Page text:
Ellen G. White Writings

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Fundamentals of Christian Education, Page 438

Chapter 56—Christ's Example in Contrast with Formalism

Of the Lord Jesus Christ in His youth, the divine testimony is given, “And the child grew, and waxed strong in spirit, filled with wisdom; and the grace of God was upon Him.” After the visit to Jerusalem in His boyhood, He returned with His parents, “and came to Nazareth, and was subject unto them.... And Jesus increased in wisdom and stature, and in favor with God and man.”

In the days of Christ, the educators of the youth were formalists. During His ministry, Jesus declared to the rabbis, “Ye do err, not knowing the Scriptures, nor the power of God.” And He charged them with “teaching for doctrines the commandments of men.” Tradition was dwelt upon, amplified, and reverenced far above the Scriptures. The sayings of men, and an endless round of ceremonies, occupied so large a share of the student's life, that the education which imparts a knowledge of God was neglected. The great teachers were continually enlarging upon little things, specifying every detail to be observed in the ceremonies of religion, and making its observance a matter of highest obligation. They paid “tithe of mint and anise and cummin,” while they “omitted the weightier matters of the law, judgment, mercy, and faith.” Thus there was brought in a mass of rubbish that hid from the view of the youth the great essentials of the service of God.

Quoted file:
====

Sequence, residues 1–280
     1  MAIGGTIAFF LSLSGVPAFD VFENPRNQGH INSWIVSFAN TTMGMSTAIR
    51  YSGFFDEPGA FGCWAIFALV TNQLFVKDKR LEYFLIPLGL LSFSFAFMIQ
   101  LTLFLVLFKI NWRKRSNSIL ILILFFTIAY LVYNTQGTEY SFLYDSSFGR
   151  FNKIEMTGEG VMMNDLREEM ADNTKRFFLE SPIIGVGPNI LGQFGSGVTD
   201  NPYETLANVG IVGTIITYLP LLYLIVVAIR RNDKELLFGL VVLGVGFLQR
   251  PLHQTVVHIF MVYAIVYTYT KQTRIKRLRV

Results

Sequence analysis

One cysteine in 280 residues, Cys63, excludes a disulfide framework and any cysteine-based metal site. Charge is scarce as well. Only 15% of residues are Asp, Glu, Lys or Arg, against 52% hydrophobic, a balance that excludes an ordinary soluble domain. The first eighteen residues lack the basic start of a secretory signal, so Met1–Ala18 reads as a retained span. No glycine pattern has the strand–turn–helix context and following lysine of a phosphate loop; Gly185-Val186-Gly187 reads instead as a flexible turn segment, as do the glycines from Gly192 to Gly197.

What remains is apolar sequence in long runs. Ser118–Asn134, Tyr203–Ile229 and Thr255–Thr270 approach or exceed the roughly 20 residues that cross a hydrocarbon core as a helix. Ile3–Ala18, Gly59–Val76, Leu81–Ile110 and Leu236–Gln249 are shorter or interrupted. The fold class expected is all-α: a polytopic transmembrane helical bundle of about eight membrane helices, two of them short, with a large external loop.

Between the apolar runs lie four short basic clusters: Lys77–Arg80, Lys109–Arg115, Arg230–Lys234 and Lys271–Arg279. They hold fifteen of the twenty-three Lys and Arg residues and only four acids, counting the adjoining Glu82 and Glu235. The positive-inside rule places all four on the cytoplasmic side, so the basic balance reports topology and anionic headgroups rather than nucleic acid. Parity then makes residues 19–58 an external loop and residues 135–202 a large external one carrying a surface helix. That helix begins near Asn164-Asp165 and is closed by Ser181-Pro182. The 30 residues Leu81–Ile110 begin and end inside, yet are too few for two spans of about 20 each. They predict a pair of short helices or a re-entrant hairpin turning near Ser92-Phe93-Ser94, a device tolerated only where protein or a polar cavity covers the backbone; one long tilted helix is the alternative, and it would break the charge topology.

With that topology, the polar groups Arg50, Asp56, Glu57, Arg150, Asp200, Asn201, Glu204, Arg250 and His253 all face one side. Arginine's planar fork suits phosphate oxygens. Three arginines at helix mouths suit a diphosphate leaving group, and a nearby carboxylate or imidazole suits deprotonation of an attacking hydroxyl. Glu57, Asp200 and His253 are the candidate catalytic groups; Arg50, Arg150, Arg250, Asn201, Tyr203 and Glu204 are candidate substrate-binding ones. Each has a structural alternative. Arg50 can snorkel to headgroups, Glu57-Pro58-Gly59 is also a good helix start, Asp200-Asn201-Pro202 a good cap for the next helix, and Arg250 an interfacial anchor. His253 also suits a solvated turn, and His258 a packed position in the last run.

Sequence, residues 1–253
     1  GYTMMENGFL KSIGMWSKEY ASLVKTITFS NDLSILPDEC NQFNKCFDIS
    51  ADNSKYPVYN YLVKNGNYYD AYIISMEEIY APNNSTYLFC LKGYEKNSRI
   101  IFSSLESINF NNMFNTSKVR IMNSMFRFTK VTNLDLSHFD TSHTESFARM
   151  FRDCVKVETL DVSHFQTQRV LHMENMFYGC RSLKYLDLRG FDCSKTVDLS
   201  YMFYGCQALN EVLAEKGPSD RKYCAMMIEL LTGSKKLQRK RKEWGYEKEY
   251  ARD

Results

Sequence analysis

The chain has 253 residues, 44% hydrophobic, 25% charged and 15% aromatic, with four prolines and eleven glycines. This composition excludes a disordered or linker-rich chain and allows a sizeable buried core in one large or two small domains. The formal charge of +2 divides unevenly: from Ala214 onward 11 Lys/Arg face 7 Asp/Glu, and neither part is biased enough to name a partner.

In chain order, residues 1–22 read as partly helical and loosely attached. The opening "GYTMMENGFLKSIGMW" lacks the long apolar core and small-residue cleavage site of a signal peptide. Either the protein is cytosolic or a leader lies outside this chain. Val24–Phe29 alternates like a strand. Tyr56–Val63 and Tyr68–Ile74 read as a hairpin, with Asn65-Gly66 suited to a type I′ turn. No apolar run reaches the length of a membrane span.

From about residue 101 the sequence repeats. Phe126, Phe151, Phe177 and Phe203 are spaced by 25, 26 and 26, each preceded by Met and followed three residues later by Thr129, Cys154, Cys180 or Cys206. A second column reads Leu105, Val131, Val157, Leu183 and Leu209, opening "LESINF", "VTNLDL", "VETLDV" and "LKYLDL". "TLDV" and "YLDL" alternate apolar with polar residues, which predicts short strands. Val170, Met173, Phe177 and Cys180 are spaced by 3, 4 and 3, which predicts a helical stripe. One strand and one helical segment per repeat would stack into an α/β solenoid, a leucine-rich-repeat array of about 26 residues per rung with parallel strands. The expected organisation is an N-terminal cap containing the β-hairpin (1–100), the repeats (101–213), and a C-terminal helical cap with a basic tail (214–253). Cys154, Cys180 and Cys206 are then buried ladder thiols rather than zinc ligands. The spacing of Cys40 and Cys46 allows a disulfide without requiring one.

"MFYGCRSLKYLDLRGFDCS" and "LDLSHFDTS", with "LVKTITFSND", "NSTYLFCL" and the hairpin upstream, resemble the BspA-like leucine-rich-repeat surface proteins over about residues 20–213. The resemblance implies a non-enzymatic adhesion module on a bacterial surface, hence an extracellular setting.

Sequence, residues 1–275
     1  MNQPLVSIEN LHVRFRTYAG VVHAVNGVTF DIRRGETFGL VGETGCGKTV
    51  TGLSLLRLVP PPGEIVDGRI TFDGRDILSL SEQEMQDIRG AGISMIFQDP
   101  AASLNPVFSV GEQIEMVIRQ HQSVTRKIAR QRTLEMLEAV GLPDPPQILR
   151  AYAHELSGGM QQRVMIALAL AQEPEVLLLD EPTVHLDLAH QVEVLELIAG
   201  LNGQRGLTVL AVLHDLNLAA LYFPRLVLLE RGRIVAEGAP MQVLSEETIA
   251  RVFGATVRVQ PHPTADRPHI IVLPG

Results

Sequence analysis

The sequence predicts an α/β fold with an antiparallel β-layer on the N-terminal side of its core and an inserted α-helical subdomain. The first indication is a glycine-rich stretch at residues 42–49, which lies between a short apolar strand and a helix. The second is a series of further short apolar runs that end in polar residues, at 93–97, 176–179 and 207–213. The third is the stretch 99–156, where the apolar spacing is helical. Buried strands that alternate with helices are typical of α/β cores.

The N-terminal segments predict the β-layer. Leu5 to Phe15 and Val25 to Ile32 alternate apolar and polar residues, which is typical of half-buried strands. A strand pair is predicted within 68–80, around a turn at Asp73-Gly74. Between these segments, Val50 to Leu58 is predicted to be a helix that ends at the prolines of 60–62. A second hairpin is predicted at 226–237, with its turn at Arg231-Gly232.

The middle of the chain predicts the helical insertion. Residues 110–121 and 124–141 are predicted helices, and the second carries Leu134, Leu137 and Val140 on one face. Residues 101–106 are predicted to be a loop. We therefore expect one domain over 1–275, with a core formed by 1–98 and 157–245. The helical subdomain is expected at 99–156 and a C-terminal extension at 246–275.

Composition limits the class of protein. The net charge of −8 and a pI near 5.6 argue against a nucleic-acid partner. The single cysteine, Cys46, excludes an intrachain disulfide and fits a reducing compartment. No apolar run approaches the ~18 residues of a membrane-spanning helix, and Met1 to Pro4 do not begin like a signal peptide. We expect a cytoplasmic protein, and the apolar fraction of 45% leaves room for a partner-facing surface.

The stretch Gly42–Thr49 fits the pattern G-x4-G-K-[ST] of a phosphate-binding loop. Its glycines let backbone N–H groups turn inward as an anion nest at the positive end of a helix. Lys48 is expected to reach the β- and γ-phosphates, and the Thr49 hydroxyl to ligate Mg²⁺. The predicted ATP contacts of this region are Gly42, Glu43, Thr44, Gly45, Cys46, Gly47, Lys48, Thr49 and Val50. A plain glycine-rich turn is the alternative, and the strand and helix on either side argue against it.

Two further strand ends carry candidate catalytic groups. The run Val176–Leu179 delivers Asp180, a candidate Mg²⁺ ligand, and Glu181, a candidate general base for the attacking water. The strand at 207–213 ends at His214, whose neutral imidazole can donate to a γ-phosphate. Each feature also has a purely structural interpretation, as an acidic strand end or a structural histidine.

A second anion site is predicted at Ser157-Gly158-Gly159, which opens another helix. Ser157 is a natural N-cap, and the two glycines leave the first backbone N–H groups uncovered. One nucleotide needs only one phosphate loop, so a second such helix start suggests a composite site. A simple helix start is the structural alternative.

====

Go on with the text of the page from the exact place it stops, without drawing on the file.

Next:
In the educational system there was no place for that personal experience in which the soul learns for itself the power of a “Thus saith the Lord,” and gains that reliance upon the divine word which alone can bring peace, and power with God. Busied with the round of forms, the students in these schools found no quiet hours in which to commune with God and hear His voice speaking to their hearts. That which the rabbis regarded as superior education was in reality the

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